Saturday, March 3, 2012

Windows 8 Consumer Preview & Visual Studio 2011


Windows 8 Beta is here. And it’s fantastic. I’m not just saying it because I’m a Microsoftie, or because I’m getting paid for that, or anything like that. This is (so far) my honest sincere opinion. Why, may you ask ? Just play with it for a little while and you’ll know. The Start menu is just beautiful, feels like a smartphone with no capacity restrictions. I really like the corner gestures : lower left for the start screen, upper left for last open app AND list of all open apps, upper and lower right for bringing up the charms. And I love the new ability to close an app by grabbing the top “edge” of it and literally bringing it down through the bottom of the screen. Feels so good to do that. And the crazy thing is, it all works just as well with touch AND mouse & keyboard. In short, love it.


Now for the serious stuff : I have quite a few apps I developed on the Developer Preview version. Bad news : so much has changed in Windows (winRT) that they just no longer run in the new version. Just try to open an devprev app with VS 11 consprev : total fail!

So, let’s roll up our sleeves and get to work, there’s a lot of stuff to catch up with to understand the breaking changes. It’s all listed in this document, have fun reading it… As far as I’m concerned, I decided to read it on an as-needed basis. So where do I start in migrating my apps ? I have this sample app I wrote using the Grid Application VS template in the old world. Tried to open it in the new vs, no way. So I followed the basic guideline that says, create a new project and then '”import” your code. I created a project using the new Grid metro style app template (C# XAML) :


That created a GroupedItemsPage, a GroupDetailPage, and an ItemDetailPage for me. New thing : these pages inherit from a base LayoutAwarePage which handles the layout change events associated with the visual states such as Filled vs Snap or Portrait vs Landscape. Also has some infrastructure code to facilitate data binding in our custom pages. Anyway, if you try to bring in a page from an existing devprev app, build will fail as a lot of APIs have changed. For example, classes that have the word ‘Layout’ in their names have been renamed to use ‘View’ instead, so ApplicationLayout has become ApplicationView. That’s just an example. Since the old pages contained the layout change code, it’s really a pain to try to update them. So the best approach is to recreate the page, and bring in the custom XAML that you’ve created to build the UI. Doing so, it wasn’t too bad porting the app – of course I’m talking about a simple app using the Grid template and some data binding.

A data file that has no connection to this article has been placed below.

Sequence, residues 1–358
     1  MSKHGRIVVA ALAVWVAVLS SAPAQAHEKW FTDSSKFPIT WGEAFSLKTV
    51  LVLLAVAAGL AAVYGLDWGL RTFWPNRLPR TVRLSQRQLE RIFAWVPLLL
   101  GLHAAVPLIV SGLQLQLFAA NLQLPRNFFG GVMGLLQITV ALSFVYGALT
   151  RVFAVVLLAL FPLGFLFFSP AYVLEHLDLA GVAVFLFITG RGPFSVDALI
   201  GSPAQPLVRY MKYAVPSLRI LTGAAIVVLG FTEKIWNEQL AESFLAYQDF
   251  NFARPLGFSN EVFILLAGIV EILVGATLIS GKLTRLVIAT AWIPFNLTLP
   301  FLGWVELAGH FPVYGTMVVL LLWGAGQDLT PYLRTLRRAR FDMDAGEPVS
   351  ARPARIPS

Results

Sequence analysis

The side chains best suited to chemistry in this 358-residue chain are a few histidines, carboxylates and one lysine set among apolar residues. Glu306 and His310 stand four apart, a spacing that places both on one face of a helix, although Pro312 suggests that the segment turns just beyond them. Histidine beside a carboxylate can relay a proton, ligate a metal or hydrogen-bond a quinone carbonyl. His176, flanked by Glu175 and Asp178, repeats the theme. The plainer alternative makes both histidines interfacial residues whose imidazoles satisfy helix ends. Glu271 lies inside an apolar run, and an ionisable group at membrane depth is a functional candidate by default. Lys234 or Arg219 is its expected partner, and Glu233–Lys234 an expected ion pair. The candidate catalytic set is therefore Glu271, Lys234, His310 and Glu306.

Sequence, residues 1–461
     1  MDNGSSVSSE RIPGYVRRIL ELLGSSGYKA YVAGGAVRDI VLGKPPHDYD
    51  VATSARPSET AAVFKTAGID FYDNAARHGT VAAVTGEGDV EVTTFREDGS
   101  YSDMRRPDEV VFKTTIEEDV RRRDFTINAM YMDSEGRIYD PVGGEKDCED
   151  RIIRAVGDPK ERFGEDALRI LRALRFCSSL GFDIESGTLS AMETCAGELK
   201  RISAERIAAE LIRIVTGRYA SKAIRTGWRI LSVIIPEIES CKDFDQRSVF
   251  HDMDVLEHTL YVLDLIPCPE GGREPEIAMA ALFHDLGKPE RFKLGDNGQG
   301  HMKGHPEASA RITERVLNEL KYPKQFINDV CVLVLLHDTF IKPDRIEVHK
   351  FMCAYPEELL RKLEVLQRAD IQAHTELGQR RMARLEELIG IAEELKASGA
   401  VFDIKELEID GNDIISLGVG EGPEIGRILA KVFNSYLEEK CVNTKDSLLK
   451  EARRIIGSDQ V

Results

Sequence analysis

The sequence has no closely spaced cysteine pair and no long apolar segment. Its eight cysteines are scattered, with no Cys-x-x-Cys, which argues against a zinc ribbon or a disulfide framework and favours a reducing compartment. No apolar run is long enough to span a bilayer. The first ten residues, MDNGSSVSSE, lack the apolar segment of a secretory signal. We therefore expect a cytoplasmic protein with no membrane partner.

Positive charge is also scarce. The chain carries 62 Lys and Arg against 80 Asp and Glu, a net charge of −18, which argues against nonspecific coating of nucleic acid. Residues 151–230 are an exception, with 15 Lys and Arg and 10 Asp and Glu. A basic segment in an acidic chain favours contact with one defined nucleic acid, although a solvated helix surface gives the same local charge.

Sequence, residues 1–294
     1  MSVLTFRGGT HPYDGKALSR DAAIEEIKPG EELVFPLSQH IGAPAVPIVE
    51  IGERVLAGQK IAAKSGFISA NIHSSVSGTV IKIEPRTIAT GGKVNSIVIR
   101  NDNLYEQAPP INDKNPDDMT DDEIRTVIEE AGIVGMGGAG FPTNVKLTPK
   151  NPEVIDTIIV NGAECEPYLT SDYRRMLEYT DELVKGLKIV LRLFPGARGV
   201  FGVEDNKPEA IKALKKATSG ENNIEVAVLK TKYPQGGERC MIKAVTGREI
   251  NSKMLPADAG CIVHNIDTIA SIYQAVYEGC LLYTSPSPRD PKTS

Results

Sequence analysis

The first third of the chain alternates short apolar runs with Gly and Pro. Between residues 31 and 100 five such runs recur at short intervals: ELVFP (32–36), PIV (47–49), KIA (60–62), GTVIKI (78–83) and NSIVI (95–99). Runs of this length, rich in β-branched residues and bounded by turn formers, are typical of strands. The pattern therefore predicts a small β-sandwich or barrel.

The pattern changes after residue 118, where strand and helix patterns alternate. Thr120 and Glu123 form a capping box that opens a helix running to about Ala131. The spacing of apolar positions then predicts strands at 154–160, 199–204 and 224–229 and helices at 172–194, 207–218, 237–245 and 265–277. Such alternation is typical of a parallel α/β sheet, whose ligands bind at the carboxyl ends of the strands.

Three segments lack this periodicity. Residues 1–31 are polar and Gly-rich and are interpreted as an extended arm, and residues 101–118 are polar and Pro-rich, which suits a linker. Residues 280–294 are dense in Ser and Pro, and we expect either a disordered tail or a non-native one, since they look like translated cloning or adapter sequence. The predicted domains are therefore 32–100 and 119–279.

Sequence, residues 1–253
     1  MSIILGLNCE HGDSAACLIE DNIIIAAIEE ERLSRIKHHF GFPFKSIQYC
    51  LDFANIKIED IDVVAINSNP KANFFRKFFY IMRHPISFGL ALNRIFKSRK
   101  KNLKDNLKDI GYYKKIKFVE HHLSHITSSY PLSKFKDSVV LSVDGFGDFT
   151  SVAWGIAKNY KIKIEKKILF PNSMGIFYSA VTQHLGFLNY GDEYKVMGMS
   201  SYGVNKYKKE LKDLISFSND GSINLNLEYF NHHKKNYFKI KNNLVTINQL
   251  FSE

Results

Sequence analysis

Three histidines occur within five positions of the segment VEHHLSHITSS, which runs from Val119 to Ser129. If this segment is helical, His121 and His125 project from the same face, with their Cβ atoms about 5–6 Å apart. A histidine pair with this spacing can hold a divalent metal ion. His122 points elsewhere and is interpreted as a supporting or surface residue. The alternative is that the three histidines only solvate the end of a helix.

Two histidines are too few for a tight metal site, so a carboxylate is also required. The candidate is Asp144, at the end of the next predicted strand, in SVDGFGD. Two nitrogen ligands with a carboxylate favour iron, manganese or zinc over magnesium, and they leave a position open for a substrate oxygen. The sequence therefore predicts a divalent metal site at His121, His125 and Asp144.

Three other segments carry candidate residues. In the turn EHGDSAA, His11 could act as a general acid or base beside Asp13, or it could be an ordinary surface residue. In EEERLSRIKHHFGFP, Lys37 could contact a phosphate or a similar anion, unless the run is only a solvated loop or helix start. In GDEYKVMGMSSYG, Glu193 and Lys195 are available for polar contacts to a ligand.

Speaking of the devil, using data binding is a bit different as well. If you look at the new Grid project template, the code-behind files use an object called DefaultViewModel. If yo examine the base LayoutAwarePage, you’ll see that DefaultViewModel refers to an ObservableDictionary<string,object>. What the heck is that, I hear you ask ? It’s just a convenient way of storing a simple view model. Say you have data in the form of a list of groups of widgets, and you want the grouped page to show the groups, then the group details page to show the content of a group, that is a sub-list of widgets, and then a detail page that shows data for a specific widget.  You can store the list of groups in the dictionary under a string such as “WidgetGroups”. Then in your XAML you can define a CollectionViewSource pointing to your list like this :

   1: <CollectionViewSource
   2:     Source="{Binding WidgetGroups}"
   3:     IsSourceGrouped="true"
   4:     ItemsPath="Widgets"/>

‘Widgets’ is the name of the list within a group, so WidgetGroups is a list of groups that each contains a list of Widgets. Now where does that all get set, you scream ? It all starts in app.xaml in the OnLaunched event, where this code is called :

   1: rootFrame.Navigate(typeof(GroupedItemsPage),myWidgetGroups);

As you guessed, this will bring up the GroupedItemsPage – notice the Frame.Navigate() method has changed, it now accepts a type as the first param – and pass to it the group list. Now, in the GroupedItemsPage itself, in the OnNavigatedTo() method you do something like this :

   1: protected override void OnNavigatedTo(NavigationEventArgs e)
   2: {
   3:     this.DefaultViewModel["WidgetGroups"] = e.Parameter;            
   4: }

Where e.Parameter is the myWidgetGroups object you set in the Navigate call. It’s now stored in the DefaultViewModel dictionary under the “WidgetGroups” key, and the dictionary is the datacontext for the page, so you’re all set!

You do the same to pass data to your other pages : when something is selected for example, you call Navigate(typeof(myotherpagetype), theSelectedStuff) and in the other page, you retrieve it in the OnNavigatedTo() method and add it to the DefaultViewModel dictionary under a different key. So what’s the purpose of this new Dictionary ? Being an ObservableDictionary, it has the capability of notifying the UI when its contents are updated. So there you have it, a new INotifyCollectionChanged copycat, and a super convenient one too.

So this was a quick example of how to port a metro app written in XAML under devprev to the new consprev version. I’ll be doing quite a bit of that in the days to come, as I’m refreshing a couple of new courses on win8 Metro, so I’ll keep you posted!

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